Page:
I am still deciding on the century. I am also thinking about doing it by myself so I have a bit more time. I think for the CT challenge, they sweep the course after 7.5 hours. Im not gonna do it, get to 90 miles, and have someone say i have to get picked up!

  11. #11
    Senior Member donrhummy's Avatar
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    I don't think you should do it. There are a ton of centuries you can do, what would it hurt to do your first after 2 more months of training instead of right now? In fact, you could hurt yourself doing it in a week. There was a guy who posted on this board about how he thought you could do your first century with almost no training, in fact he had done so! Of course, then he mentioned that he'd injured his neck so badly (from holding it up in one position for so long after not training it for that) that he had to have surgery on it. Hmmm...

    While there's a chance you could get through it with zero injuries, it's unlikely. Why risk causing problems that could linger and hinder you for years to come? A friend of mine did his first century with too little training and around mile 70-75 (further than he'd ever gone before) his knee started to really hurt. It took two years to heal and he hasn't biked since.

  12. #12
    Senior Member balto charlie's Avatar
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    think comfort Get a decent pair of padded lycra shorts asyour a$$ isn't 'hardened'. Also a good pair of gloves and go for it. I had a friend that road to Conn. from Balto on a whim when we were in our 20's. He put a lot of hours in the saddle with little previous experience. You will be spent but that's what it's all about. Charlie

  13. #13
    You need a new bike supcom's Avatar
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    Quote Originally Posted by outofbounds
    I think for the CT challenge, they sweep the course after 7.5 hours. Im not gonna do it, get to 90 miles, and have someone say i have to get picked up!
    You don't have to be picked up if you don't want to.

  14. #14
    Senior Member PSPSARGE's Avatar
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    After 7.5 hrs?

    After 7.5 hours and that limited riding experience, he'll want to be swept up!

  15. #15
    Professional Fuss-Budget Bacciagalupe's Avatar
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    Another vote for "don't rush into a century." Aerobically I'm sure you can handle it, but that's only a part of the skills you need to enjoy long rides. It helps to know:

    • how to ride safely with a large group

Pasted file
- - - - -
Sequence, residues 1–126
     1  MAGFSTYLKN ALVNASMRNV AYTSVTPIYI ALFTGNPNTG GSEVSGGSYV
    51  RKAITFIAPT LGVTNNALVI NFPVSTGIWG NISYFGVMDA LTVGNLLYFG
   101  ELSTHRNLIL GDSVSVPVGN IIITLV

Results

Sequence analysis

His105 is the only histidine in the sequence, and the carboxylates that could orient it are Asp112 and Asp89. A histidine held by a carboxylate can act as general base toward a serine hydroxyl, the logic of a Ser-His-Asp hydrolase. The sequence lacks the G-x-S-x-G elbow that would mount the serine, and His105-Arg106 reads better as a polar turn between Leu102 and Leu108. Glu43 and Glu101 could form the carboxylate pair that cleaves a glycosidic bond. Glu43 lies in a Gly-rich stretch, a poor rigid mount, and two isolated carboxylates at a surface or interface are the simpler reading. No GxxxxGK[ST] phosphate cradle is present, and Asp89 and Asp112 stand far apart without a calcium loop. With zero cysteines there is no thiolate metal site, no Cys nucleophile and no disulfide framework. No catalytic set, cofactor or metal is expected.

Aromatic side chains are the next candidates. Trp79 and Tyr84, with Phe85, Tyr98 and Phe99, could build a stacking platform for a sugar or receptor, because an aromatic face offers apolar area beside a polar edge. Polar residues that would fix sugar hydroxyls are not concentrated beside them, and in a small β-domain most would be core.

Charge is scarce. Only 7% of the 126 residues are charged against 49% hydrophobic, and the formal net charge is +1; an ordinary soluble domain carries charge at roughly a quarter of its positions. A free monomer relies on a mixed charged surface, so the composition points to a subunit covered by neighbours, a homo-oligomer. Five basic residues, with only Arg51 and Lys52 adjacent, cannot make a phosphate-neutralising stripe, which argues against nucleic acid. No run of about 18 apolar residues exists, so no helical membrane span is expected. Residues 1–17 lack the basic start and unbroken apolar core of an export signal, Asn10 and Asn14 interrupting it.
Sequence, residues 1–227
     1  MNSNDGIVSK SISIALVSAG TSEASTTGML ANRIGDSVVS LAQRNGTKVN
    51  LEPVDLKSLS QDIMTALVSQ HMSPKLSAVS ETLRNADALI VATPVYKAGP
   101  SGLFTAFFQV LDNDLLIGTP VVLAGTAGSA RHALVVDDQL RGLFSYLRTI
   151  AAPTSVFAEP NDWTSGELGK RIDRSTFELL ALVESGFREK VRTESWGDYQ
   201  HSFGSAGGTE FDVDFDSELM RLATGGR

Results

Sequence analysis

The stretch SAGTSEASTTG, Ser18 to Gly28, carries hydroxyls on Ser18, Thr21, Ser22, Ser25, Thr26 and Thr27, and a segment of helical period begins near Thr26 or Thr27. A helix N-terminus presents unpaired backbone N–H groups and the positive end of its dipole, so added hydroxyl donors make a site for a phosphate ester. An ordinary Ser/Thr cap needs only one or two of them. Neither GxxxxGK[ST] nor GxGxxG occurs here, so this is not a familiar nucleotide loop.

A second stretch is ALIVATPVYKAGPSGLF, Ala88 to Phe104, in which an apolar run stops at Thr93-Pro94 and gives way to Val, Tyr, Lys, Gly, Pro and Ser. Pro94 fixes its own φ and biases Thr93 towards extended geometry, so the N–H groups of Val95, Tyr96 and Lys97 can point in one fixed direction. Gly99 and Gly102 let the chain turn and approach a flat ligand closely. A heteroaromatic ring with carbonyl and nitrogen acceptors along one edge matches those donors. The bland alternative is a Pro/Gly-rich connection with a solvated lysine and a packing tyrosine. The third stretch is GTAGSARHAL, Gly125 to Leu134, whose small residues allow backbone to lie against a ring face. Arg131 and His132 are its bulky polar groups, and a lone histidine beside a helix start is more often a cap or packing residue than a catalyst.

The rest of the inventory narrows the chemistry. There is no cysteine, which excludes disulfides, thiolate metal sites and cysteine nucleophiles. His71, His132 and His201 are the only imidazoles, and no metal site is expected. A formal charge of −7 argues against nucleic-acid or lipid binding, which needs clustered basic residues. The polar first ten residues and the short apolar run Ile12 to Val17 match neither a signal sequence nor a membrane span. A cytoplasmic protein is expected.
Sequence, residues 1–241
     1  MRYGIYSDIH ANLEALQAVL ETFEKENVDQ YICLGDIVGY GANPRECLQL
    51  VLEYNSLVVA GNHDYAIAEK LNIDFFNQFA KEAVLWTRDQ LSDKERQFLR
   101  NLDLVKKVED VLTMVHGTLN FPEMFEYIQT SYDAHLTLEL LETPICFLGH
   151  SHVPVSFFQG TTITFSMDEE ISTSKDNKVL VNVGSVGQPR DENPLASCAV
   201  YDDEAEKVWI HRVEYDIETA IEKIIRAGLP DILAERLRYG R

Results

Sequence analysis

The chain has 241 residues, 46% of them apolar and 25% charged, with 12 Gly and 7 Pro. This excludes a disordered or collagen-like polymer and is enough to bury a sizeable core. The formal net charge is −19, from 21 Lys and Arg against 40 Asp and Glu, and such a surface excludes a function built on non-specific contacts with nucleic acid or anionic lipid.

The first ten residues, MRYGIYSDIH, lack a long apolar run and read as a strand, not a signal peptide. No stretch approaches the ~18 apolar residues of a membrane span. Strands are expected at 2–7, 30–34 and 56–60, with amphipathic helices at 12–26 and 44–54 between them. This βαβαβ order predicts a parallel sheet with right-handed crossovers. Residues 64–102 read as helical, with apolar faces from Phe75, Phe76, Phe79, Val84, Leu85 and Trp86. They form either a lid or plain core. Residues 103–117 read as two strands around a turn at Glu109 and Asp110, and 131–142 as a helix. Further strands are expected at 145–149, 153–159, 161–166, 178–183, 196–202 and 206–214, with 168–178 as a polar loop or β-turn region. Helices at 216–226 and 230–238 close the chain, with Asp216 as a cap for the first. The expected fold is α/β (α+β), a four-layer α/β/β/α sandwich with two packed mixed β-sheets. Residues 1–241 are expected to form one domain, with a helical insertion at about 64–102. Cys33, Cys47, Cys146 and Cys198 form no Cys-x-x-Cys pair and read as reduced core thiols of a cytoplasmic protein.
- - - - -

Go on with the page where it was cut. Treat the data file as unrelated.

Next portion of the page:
• how to warm up, stay loose and cool down afterwards
    • what recovery methods work best for you
    • what hill-climbing technique(s) work best for you
    • whether your ride position and saddle works out well
    • how to pace yourself so the last 25 miles is fun rather than exhausting
    • how to stay sharp and crisp after many hours in the saddle
    • what foods work well for you on longer rides
    • how to handle typical long-distance issues, either physical (cramps, neck strain etc) and mechanical (flat tires etc).
    • how to set up a training schedule that works for you (including tapering a few days before the ride)

    And to reiterate some points by others, it's not a great plan to make dramatic leaps in your weekly totals. The rule of thumb is to increase by 10% a week.

    The idea is not just to "do it," the goal is to enjoy it. There are plenty of centuries in September and October, start training now and you'll be in good shape.
    Last edited by Bacciagalupe; 08-15-06 at 02:00 PM.

  16. #16
    Third World Layabout crtreedude's Avatar
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    Success will be part luck. If you have a good bike that fits you well - you might just do okay. But, if you have a bike that doesn't, you will almost certainly pay the consequences.

    An example is this - I have a pair of rubber boots that are new - I wear them around the place at times (we live in a rainforest - you need them). Anyway, just around the house was fine, I decided to go for a walk of an hour with them. Now, I am very capable of walking for 8 hours if I want.

    Anyway, I got a really bad rub from it on the back of my calf - got bloody before I knew it. The point is - if you have something just a little off - in 8 hours, it can wear a hole in you - visible or invisible. Just like you don't want to buy a pair of shoes and go for a 4 hour hike - the same is true for you and your bike.

    You might be tough, but you might be dumb too.

    just my dos colones

  17. #17
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    Quote Originally Posted by outofbounds
    I think for the CT challenge, they sweep the course after 7.5 hours. Im not gonna do it, get to 90 miles, and have someone say i have to get picked up!
    Why? There is no shame in trying. Challenging oneself and coming up short just means you were overly optimistic. Big deal.

    I regularly go out for extended rides with no clear length and destination in mind. Sometimes I'm greedy and go a little to far, so I call the personal sag wagon. And the next week I might tackle the same route with a different bike or and different approach.

    That being said, only being experienced at 20-30 milers and 2-3 hour rides, you'd be in for a rude shock spending upwards of 8-10 in the saddle. Set your sights on next year or another century later in the season.